Anne of Avonlea (Chapter 4, page 2 of 7)


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Chapter 4

"How?"

"Give them a good whipping, of course."

"Oh, Jane, you wouldn't," cried Anne, shocked. "Jane, you COULDN'T!"

"Indeed, I could and would, if they deserved it," said Jane decidedly.

"I could NEVER whip a child," said Anne with equal decision. "I don't believe in it AT ALL. Miss Stacy never whipped any of us and she had perfect order; and Mr. Phillips was always whipping and he had no order at all. No, if I can't get along without whipping I shall not try to teach school. There are better ways of managing. I shall try to win my pupils' affections and then they will WANT to do what I tell them."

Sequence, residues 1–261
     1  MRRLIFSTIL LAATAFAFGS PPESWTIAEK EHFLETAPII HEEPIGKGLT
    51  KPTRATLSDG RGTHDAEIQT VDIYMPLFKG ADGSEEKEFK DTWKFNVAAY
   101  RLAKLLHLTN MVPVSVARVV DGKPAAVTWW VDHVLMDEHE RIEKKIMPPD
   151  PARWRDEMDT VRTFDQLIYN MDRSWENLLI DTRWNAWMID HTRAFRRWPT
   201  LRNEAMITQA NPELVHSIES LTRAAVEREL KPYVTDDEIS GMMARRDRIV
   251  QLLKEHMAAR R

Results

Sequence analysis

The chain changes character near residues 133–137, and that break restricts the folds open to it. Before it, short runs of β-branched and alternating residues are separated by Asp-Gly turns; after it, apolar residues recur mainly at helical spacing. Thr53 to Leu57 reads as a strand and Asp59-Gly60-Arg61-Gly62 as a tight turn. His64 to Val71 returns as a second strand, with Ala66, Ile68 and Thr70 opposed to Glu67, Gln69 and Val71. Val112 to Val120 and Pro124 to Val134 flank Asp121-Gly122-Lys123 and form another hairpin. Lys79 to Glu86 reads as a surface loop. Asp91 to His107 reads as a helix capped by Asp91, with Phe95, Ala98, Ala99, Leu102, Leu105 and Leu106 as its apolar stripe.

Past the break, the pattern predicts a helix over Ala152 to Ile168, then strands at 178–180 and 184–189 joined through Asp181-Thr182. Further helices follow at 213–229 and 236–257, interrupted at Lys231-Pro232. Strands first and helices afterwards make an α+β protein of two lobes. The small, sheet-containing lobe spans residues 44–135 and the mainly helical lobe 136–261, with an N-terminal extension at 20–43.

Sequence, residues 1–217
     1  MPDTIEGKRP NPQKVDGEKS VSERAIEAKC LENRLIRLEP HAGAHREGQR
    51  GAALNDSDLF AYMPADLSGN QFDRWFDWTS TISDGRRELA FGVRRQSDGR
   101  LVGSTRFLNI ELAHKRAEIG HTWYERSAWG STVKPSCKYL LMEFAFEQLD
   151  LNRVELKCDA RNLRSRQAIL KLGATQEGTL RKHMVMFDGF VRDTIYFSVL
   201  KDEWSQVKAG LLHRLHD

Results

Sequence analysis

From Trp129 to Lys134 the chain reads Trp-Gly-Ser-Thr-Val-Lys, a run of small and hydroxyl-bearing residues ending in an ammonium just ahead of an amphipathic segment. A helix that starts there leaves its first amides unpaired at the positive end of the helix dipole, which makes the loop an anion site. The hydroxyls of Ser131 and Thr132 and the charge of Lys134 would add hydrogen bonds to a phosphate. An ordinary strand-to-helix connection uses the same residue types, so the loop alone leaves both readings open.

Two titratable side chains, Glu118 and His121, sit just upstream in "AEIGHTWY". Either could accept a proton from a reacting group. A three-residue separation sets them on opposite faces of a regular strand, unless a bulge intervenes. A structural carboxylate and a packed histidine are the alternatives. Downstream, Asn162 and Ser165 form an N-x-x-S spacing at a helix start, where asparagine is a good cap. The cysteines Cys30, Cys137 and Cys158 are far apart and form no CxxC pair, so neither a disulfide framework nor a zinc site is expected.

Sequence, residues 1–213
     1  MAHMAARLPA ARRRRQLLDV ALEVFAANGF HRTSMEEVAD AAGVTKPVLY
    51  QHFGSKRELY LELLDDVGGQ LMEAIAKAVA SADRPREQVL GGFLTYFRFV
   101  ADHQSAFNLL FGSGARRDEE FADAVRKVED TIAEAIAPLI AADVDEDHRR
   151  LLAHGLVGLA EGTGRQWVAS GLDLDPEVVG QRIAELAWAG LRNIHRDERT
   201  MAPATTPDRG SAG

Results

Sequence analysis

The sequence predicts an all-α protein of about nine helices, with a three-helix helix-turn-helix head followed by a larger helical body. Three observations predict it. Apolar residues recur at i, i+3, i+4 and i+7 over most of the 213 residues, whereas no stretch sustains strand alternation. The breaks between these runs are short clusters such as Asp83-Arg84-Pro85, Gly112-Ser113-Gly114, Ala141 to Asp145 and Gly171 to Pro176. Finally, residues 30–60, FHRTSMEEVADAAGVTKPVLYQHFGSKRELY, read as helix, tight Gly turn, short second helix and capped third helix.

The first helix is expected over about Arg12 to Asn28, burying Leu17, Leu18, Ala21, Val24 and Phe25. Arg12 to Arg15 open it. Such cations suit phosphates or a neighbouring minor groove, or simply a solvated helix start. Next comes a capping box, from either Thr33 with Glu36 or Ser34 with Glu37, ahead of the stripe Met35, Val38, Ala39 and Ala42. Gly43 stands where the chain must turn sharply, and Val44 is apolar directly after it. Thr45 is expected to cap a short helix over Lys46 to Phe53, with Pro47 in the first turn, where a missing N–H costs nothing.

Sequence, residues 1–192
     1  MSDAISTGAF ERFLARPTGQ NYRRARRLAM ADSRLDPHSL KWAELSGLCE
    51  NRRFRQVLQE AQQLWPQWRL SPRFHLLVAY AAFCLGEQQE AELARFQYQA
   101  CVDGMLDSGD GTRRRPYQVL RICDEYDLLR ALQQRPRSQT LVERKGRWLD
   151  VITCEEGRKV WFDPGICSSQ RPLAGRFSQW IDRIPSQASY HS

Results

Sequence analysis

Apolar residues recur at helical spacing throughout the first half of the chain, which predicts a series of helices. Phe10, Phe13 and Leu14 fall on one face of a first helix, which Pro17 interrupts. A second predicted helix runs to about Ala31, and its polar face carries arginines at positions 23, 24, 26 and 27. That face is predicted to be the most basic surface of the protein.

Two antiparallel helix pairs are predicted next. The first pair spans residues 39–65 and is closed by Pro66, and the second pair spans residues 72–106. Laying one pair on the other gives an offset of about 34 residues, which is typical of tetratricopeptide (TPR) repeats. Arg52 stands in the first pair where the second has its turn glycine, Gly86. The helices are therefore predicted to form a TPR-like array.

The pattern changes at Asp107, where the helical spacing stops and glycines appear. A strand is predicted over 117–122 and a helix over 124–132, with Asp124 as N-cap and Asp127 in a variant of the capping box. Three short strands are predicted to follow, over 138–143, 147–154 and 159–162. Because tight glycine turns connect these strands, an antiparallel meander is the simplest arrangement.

"But suppose they don't?" said practical Jane.

"I wouldn't whip them anyhow. I'm sure it wouldn't do any good. Oh, don't whip your pupils, Jane dear, no matter what they do."

"What do you think about it, Gilbert?" demanded Jane. "Don't you think there are some children who really need a whipping now and then?"

"Don't you think it's a cruel, barbarous thing to whip a child . . . ANY child?" exclaimed Anne, her face flushing with earnestness.

"Well," said Gilbert slowly, torn between his real convictions and his wish to measure up to Anne's ideal, "there's something to be said on both sides. I don't believe in whipping children MUCH. I think, as you say, Anne, that there are better ways of managing as a rule, and that corporal punishment should be a last resort. But on the other hand, as Jane says, I believe there is an occasional child who can't be influenced in any other way and who, in short, needs a whipping and would be improved by it. Corporal punishment as a last resort is to be my rule."

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